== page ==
Geraldo Thomas Co-CEO at VTEX
Thanks Geraldo for talking with us today. Can you please explain what VTEX does?
We are a software as a service e-Commerce company. We provide a common platform to a variety of retailers in Brazil and Latin America. We generate a GMV, general merchandise value, of almost half a billion dollars per year that flows into our product. We serve more than 300 clients, including a lot of multinational companies – basically anyone who wants to conduct e-commerce in Brazil.
What does your technical infrastructure look like, and how do you support your customers with the platform? I’m assuming you run everything in the cloud.
Yes, our entire infrastructure is hosted there. All of our system exists in an application that we host by ourselves. We have more than 400 instances running in Amazon.
Do you run across multiple cloud availability zones so you can ensure disaster avoidance and constant uptime?
Yes. We actually run multiple availability zones for that very reason.
What kind of business challenges caused you to move toward NoSQL technology and specifically Cassandra?
We needed to ensure that we could scale our application very easily and maintain strong availability. We had some big concerns about the availability of our database, and that’s why we invested so much in your NoSQL technology.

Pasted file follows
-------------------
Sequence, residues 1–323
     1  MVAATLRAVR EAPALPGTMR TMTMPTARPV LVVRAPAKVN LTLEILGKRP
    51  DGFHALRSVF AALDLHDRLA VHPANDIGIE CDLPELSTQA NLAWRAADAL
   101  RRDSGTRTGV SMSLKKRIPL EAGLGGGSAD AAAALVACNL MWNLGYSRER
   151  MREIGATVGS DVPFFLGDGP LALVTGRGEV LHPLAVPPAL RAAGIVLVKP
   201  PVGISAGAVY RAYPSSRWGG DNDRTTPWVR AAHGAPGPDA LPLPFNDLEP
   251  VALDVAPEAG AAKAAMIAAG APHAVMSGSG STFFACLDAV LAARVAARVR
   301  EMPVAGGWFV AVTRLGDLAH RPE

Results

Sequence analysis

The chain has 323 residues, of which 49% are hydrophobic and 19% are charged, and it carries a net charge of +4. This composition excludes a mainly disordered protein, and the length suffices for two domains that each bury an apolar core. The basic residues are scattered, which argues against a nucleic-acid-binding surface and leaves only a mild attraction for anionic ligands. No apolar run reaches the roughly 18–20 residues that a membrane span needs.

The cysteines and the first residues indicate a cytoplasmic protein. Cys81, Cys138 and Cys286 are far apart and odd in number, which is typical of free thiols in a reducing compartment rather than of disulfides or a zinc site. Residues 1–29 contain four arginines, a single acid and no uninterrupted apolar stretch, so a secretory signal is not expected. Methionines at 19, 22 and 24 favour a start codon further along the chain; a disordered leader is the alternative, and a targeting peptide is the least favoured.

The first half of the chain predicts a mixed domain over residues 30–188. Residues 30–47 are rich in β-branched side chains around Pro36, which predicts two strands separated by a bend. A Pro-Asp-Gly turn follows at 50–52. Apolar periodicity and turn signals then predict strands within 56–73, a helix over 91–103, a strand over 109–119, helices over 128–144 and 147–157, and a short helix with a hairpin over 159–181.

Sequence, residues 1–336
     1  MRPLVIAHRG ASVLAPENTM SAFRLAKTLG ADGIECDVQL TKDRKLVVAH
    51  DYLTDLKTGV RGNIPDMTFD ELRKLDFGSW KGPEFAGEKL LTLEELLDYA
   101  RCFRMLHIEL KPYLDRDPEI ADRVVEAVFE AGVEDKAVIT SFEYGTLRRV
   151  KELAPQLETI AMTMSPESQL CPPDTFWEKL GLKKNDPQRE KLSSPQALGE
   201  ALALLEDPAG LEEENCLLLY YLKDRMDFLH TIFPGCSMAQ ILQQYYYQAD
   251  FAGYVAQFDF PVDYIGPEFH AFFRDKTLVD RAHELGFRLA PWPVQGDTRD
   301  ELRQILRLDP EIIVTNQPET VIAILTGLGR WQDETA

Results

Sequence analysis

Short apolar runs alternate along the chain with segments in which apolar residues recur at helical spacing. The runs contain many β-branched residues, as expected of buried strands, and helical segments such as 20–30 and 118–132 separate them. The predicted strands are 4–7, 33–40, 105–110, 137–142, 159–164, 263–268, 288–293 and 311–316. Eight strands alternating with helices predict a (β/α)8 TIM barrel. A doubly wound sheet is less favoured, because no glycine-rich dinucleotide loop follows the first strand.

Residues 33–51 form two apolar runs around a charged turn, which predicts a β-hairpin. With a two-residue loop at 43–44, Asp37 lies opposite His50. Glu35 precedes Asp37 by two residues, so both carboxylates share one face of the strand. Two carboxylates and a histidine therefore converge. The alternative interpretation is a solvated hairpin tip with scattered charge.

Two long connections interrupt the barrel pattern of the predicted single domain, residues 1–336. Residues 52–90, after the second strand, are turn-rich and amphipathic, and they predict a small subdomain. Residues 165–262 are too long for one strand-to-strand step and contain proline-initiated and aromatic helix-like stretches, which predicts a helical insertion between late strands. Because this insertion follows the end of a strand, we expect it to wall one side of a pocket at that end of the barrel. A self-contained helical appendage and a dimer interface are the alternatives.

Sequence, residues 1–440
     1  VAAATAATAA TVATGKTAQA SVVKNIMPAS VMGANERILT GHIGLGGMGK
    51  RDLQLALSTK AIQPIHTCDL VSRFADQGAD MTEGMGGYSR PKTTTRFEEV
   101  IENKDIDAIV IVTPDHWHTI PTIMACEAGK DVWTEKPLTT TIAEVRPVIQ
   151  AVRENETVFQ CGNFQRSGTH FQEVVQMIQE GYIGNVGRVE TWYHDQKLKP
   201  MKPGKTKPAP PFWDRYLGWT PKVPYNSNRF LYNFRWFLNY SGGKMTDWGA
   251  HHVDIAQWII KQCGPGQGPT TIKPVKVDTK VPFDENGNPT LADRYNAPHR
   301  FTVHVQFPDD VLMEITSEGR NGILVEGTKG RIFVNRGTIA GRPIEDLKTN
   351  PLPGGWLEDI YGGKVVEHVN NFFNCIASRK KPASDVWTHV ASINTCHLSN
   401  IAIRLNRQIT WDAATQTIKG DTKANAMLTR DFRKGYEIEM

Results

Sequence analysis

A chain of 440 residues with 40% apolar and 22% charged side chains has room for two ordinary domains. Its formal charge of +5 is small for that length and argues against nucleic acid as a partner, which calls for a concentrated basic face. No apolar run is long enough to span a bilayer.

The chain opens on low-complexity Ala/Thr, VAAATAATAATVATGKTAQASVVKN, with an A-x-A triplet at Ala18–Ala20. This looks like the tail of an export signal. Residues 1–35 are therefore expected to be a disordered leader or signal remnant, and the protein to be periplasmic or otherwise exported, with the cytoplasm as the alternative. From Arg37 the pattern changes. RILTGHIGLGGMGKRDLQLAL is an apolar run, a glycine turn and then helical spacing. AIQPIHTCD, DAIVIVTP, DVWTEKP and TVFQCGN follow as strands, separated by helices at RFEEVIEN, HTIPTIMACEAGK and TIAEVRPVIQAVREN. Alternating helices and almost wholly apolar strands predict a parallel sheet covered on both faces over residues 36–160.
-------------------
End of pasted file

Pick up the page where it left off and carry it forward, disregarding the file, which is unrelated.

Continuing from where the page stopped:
Did you try initially to use relational database technology like either Oracle or MySQL?
Sure, for a portion of our use case, but not all user cases. We started very lean with a Microsoft SQL server and then we grew. SQL Server is not as reliable as we want it to be for availability. That’s why we’re investing so much in NoSQL.
Did you also look at other NoSQL technologies like, MongoDB or HBase or any of those?
We tried DynamoDB.
Tell me then how you use Cassandra and or DataStax Enterprise today? What portion of your application does it power?
We have a metric aggregator that we use for taking metrics over all of our environment, both optional metrics and business metrics as well. We have to cache conversional metrics for our clients and basic metrics which we aggregate and adopt into our company installation. We also use Cassandra to streamline all of our client requests. We have maybe 1 billion events per year and all these stations use—most of the information that is needed after analytic is installed in the Cassandra collective as well. We call this part a required cache.
We are also going to use Cassandra for our log aggregation.
What caused you to move to DataStax Enterprise instead of just open-source Cassandra? It sounds like the log aggregation and the search capabilities were the key thing there.
The search capability was key, yes.
In terms of your administration, how many people do you have working on Cassandra and do you find it pretty easy to take care of?
That’s a great aspect of Cassandra. It runs by itself. We don’t have anyone who is dedicated to managing the Cassandra cluster.
Do you feel you’ve saved money using DataStax Enterprise over some of the other databases that you looked at?
Frankly, for us it’s not about the cost; I am much more concerned that everything remains safe and available. So other than that, cost is not as big of a concern for me compared to availability.